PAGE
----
Regina Grafe

Professor of Early Modern HistoryRegina_Grafe_100x120

Head of Department


Fields of research

  • Early modern history of the Hispanic World
  • Global economic and social history
  • The history of state and empire-building
  • Colonial governance
  • Comparative history of private and public commercial institutions and legal norms

Current research projects

  • Institutional Diversity and European Expansion, 1450-1850. What explains the astonishing unfolding of European commercial hegemony in the first age of globalisation into the 19th  century? Historians have argued that Europe’s edge in global trade depended on a modernisation process from corporatist pre-modern organization to competitive capitalist institutions, the so-called “Rise of the West” rooted in intellectual, military, political and demographic transformations that underpinned intra-European competition and extra-European expansion. At the heart of the narrative is the idea that competition between European polities helped the emergence over time of a succession of commercial institutions each of which improved on the previous. By contrast I investigate the hypothesis that that institutional and legal diversity rather than a diachronic succession of first best solutions were the crucial driving forces of European commercial expansion. I argue that institutional diversity, multifunctionality and complementarity allowed for the establishment of markets in vastly diverse cultural, legal, religious and socio-political environments

Current seminars at the EUI

Selected recent publications

  • (2020) ‘An Empire of debts? The Spanish Empire and its colonial realm’ in Barreyre, N. and Delalande, N. A World of Debts: A global political history. (Palgrave Macmillan)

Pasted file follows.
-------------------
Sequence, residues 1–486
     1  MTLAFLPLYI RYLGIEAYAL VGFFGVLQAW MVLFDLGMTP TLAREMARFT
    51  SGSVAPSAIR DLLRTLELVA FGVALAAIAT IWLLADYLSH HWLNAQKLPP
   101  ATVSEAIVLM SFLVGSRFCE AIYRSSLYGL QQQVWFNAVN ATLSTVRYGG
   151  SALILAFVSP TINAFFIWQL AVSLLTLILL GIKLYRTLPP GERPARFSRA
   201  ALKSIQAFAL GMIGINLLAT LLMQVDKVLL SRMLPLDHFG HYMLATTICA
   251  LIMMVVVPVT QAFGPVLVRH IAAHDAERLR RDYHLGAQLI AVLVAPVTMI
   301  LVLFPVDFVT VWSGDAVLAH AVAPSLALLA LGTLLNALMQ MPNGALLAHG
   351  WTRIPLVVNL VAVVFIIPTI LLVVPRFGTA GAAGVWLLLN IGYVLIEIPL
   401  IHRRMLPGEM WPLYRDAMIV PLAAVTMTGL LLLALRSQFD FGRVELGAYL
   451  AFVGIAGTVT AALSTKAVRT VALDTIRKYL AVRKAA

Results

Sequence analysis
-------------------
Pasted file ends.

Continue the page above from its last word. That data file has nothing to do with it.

• (2019) ‘New Imperial Economies’ (with Jorge Pedreira) in Bouza, F., Cardim, P. and Feros, A. The Iberian world 1400-1800. (Routledge), London and New York, pp.582-614.
  • (2018) ‘Families, firms, and polities: Pre-Modern Institutions, Economic Growth, and the Great Divergence.’ In Global Economic History, edited by Giorgio Riello and Tirthankar Roy, 82-101. London et al.: Bloomsbury Academic. (with Maarten Prak)
  • (2018) ‘Empires of Charity: Imperial Legitimacy and Profitable Charity in Colonial Spanish America.’  New Global Studies 12 (2):131-155.
  • (2012) Distant Tyranny. Markets, Power and Backwardness in Spain, 1650-1800. Princeton, (Princeton University Press) 291pp.


Spanish, English, German, Italian



For appointments please contact the Administrative Assistant: Fabrizio Borchi

  • Postal address: 
    Department of History and Civilization 
    Via Bolognese 156 
    50139 Florence - Italy

Office SAMN262 at Villa Salviati, Manica


Page last updated on 25 January 2021

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